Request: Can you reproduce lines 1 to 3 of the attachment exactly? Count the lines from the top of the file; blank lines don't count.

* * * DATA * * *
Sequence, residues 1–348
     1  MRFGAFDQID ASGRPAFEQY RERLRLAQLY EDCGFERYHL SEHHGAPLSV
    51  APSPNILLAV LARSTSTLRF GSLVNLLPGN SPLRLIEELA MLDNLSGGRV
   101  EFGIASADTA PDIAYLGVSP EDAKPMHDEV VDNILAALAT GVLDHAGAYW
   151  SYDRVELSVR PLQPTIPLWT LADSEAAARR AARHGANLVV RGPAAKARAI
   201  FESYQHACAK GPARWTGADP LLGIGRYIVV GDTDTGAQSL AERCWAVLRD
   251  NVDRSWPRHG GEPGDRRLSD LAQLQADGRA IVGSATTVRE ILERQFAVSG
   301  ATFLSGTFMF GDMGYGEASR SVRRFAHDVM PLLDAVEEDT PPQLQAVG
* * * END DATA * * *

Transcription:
Sequence, residues 1–348
     1  MRFGAFDQID ASGRPAFEQY RERLRLAQLY EDCGFERYHL SEHHGAPLSV
    51  APSPNILLAV LARSTSTLRF GSLVNLLPGN SPLRLIEELA MLDNLSGGRV